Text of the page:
City Leaders Join Mayor Bell and Officers to Recognize National Police Week
Their service and commitment to our city is something that we are thankful for everyday, but this week the city of Birmingham is joining the nation to honor those who work day in and day out to keep our communities safe. As they tackle the injustices of random crime, purposeful intimidation of threats and simple posturing of security with their presence, they too can often be overlooked as valuable elements of leadership that hold our nation together. In observance of National Police Week 2016 the City of Birmingham kicked off the week during a special ceremony held outside of Birmingham City Hall.
Mayor Bell, along with Chief A.C. Roper opened the service to express their thoughts on the challenges and circumstances that many officers face. Special guest speaker Attorney Luther Strange followed their speeches by offering uplifting words of encouragement and appreciation to all officers especially the newly enlisted cadets that joined the ranks of the Birmingham Police Department in solidarity.
To conclude the ceremony, officers read off the names of Birmingham Police officers who have lost their lives during the call of duty with a special wreath laying ceremony.
Birmingham City Council President Pro Tem Steven Hoyt, Chair of the Public Safety/Transportation Committee said he could not be more proud of the men and women who serve and protect our city.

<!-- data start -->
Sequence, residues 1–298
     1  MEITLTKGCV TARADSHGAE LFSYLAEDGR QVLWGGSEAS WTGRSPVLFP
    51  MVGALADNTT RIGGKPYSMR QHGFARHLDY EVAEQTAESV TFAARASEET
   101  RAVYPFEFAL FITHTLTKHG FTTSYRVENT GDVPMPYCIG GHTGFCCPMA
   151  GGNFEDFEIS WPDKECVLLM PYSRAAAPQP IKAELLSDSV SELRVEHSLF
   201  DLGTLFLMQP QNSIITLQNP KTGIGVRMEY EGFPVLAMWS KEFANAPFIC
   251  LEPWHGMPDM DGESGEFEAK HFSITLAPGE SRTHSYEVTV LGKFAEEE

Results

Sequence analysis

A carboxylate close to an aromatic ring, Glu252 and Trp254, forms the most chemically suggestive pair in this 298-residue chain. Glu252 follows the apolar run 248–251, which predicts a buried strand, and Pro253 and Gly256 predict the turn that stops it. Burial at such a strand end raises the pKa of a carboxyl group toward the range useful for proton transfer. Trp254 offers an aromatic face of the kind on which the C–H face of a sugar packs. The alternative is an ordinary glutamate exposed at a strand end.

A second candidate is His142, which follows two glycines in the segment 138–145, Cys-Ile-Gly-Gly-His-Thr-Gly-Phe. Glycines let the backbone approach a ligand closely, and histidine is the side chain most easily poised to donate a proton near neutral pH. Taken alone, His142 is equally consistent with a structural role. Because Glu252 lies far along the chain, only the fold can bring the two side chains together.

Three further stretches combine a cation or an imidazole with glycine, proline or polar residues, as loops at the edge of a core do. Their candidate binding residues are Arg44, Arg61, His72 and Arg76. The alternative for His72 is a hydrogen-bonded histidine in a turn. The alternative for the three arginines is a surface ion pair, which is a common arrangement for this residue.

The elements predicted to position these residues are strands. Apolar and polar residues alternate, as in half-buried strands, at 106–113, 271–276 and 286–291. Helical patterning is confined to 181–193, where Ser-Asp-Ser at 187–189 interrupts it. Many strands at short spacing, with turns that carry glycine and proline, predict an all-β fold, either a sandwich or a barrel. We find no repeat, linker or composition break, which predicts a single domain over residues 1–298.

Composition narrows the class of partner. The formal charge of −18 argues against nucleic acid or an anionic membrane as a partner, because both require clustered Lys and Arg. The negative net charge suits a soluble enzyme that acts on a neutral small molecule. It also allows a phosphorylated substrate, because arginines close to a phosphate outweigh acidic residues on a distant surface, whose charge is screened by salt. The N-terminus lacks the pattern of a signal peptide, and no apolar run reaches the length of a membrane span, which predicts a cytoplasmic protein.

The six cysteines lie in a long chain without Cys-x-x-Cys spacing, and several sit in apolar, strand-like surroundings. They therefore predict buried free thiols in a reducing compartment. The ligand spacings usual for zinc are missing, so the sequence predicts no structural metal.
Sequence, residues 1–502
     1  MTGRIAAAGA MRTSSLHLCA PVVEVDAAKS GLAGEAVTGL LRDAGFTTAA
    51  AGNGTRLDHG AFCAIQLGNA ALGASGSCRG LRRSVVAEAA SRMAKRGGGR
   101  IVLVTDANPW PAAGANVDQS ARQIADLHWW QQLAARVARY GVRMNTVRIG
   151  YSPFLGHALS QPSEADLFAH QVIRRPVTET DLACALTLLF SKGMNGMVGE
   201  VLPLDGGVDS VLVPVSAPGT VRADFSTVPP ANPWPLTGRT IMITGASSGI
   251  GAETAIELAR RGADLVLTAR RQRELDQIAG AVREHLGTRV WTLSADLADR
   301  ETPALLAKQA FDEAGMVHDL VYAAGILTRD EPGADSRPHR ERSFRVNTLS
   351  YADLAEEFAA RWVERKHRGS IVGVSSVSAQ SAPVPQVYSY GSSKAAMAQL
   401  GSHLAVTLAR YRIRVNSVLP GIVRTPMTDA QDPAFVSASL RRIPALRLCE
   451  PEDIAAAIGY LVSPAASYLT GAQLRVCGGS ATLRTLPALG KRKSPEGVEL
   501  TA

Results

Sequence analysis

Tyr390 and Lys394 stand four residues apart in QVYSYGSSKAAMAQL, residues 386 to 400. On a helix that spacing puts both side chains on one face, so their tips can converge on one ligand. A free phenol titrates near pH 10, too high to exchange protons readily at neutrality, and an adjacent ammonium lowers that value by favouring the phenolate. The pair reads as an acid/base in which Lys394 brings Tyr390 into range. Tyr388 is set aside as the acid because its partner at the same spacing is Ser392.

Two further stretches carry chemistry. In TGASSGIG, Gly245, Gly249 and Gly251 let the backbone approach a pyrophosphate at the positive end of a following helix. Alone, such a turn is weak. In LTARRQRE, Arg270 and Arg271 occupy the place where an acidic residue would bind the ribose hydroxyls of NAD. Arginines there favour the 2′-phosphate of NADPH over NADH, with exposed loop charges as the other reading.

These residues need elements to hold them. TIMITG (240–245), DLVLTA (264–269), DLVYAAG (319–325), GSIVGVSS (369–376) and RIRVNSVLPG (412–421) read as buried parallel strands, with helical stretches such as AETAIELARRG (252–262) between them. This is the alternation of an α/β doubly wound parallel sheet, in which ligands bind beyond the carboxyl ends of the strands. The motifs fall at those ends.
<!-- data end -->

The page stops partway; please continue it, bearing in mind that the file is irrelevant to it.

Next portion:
“Our officers risk their lives daily just by showing up to their roles as the ultimate protectors and responders in our communities,” Councilor Hoyt said. “National Police Week should resonate with every leader and citizen alike. We appreciate their continued devotion to this great city, and we are honored to be able to say thanks by recognizing all of their efforts during National Police Week.”
About National Police Week
President John F. Kennedy signed a proclamation in 1962, which designated May 15 as Peace Officers Memorial Day and the following week as Police Week. Since then, thousands of law enforcement officers from around the world unite in Washington, DC to participate in special events to honor those that have sacrificed their lives. Decades later, this commemoration now more commonly known as National Police Week, has grown to a series of events which attracts thousands of survivors and supporters of law enforcement officers to our Nation’s Capital each year.
This article is a contribution from Chiara Perry (firstname.lastname@example.org) in the Birmingham City Council Public Information Office. For more information please contact 205.254.2294.